We all watch TV.
Some watch it more than others. Some watch programs they don’t like to admit as a change of pace to their everyday lives (guilty with that one), and some just leave the TV programmed to sports 24/7. No matter your television preferences, how often have you stumbled across a volleyball match? If I posed this question as recently as a few years ago, odds are you’d have an easier time remembering what you had for breakfast last Tuesday. Thankfully, times have changed. As we look ahead to the 2014 fall season, there will be hundreds of matches on the tube with even more web streamed live online.
“I think it’s the best time we’ve ever had,” said Pac-12 Networks volleyball broadcaster Kevin Barnett. “That’s certainly true collegiately and internationally with the proliferation of sports channels and the need for content. Collegiate volleyball in this country has grown so much, I think there is a tremendous amount of interest on the fans side that hasn’t been there before.”
The 2014 AVCA Grant Burger Media Award winning Pac-12 Networks is leading the way with 96 scheduled televised matches this season. With the numbers increasing every year, as a volleyball community we can no longer be content with the fact we’re on TV, but how the broadcasts themselves are evolving.
Barnett, who also hosts a weekly volleyball podcast called The Net Live, believes the people in charge of the broadcasts have become a lot more volleyball savvy and it’s shown. Working with producers, directors and other broadcasters, he sees first-hand how their mind set has advanced by simply gaining more experience in the space.
However, he feels there is still plenty of room for improvement. Here are just three important topics to discuss that Barnett feels could make better volleyball on TV: camera angles, replay and viewer education.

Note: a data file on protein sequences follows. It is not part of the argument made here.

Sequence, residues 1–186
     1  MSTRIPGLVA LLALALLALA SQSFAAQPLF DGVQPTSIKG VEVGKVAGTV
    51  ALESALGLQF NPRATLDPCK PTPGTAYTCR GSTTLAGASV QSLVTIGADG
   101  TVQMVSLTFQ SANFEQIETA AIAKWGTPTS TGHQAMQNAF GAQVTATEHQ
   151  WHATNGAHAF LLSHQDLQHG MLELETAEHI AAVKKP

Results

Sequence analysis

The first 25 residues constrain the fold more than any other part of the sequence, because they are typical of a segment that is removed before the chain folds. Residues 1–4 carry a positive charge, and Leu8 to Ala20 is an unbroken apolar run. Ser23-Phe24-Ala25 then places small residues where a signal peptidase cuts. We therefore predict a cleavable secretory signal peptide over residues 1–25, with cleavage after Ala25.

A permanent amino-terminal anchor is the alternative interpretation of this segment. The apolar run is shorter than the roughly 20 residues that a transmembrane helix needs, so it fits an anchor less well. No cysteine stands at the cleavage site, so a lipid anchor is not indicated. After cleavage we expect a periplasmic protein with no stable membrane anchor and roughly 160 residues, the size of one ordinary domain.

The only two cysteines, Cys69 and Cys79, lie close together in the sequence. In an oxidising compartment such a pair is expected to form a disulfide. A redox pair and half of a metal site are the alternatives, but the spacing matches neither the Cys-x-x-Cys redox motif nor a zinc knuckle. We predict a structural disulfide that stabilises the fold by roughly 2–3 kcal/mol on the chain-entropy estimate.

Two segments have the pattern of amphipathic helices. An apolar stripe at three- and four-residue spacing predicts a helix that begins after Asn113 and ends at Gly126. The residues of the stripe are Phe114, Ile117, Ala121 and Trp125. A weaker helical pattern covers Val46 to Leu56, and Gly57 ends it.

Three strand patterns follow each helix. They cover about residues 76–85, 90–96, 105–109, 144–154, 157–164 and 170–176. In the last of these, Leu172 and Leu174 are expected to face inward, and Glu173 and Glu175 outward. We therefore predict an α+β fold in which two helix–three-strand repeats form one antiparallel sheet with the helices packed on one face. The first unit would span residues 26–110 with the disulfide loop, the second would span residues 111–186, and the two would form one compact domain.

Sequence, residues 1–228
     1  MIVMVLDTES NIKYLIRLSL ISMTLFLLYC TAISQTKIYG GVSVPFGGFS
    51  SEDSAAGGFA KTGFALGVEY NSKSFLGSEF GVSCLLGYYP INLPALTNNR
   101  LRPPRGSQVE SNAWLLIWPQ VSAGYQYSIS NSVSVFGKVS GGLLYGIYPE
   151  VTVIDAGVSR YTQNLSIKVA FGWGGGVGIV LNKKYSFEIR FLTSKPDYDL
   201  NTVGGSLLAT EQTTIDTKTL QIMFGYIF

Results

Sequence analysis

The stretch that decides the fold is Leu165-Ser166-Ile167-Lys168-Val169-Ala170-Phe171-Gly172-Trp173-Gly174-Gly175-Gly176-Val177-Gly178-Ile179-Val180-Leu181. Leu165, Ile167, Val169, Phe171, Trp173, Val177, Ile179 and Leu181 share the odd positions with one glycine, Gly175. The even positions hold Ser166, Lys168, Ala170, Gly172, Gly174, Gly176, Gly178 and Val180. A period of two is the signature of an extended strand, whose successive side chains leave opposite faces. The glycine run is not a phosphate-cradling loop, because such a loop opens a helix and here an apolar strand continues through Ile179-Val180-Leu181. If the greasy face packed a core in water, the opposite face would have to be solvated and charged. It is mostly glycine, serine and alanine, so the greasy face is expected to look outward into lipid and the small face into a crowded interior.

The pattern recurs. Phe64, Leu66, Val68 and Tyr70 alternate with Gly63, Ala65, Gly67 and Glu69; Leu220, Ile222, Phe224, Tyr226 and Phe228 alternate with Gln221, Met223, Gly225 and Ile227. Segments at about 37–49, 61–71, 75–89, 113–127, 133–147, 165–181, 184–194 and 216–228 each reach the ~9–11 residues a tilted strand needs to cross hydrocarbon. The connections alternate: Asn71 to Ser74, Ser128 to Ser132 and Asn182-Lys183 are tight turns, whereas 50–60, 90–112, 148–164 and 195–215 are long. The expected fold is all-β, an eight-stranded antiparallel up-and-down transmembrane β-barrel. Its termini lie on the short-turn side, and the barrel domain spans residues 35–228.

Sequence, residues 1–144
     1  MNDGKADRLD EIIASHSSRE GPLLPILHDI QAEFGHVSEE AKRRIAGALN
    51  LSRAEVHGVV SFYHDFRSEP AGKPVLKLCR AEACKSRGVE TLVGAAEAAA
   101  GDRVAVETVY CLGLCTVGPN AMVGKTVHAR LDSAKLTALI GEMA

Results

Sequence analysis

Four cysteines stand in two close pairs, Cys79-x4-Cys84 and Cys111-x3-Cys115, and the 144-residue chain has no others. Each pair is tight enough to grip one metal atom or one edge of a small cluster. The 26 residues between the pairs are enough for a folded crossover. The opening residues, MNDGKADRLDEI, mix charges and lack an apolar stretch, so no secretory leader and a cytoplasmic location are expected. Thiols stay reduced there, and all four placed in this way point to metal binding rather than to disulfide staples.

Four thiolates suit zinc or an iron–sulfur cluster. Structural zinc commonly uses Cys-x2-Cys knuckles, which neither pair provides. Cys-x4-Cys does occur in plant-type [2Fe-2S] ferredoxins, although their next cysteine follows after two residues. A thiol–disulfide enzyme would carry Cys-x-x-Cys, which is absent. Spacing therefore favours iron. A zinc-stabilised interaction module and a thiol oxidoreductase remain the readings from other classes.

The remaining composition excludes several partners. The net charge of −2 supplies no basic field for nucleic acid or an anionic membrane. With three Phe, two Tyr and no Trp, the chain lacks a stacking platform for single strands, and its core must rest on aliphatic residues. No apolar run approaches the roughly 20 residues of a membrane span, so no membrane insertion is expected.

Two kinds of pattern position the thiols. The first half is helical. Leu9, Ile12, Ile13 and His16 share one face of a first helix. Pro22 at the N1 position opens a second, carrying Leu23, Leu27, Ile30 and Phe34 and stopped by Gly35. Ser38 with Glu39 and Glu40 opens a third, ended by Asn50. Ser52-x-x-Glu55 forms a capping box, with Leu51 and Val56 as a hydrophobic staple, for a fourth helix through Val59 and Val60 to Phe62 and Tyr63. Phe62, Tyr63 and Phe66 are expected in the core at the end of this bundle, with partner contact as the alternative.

“Show more end zone. Stick with the end zone camera for a while for maybe a few points. Sure, you might miss something that happened on the other side of the net, but you can always go back and replay that. This is why coaches sit there. Why are they [sitting there]? Let’s take a look at that.”
Should there be more? Less? Low angle or high angle? Should we hold up play on the court to show a replay on TV? Every sport uses replay and has for quite some time, but the real progression in that space has come in the form of camera technology.
“We need more high speed cameras. When you do show replays, it’s really good because it slows down the ball contact, the touches on the block and those kinds of things that show the hitter make a choice at the last millisecond to decide to crank the ball line. I don’t think the amount of replays are missing, it’s the camera technology that can show the game in its minute detail. “
“We can stop explaining the game. Nobody tells me if a guy shoots behind that arc it’s worth three points. I think volleyball’s been on for enough years we don’t need to explain the rules. We don’t explain the libero a lot anymore, which is good. The Olympics on NBC could be different because you’ll get a lot of viewers who don’t normally watch the sport.”
This is one of my favorite debates. There are a lot of aspects and nuances of volleyball to explain that the casual sports fan won’t understand, but we also don’t want to “talk down” to them and the ones that already know volleyball well. Granted, every coach understands the three meter line, but a sports broadcast is not solely intended for that sport’s coaches. It’s a fine line between too much explanation and leaving a viewer in the dark. Finding that line takes experience, so I’m confident we’ll get there sooner than later.
For any of these topics it’s important to remain open-minded and make your voice heard. So shoot me an email (email@example.com) or hit us up on Twitter (@AVCAVolleyball) and Facebook and let me know what thoughts you have on anything volleyball on TV.
No matter where you stand, make sure you tune in!
(image courtesy Wisconsin Badgers)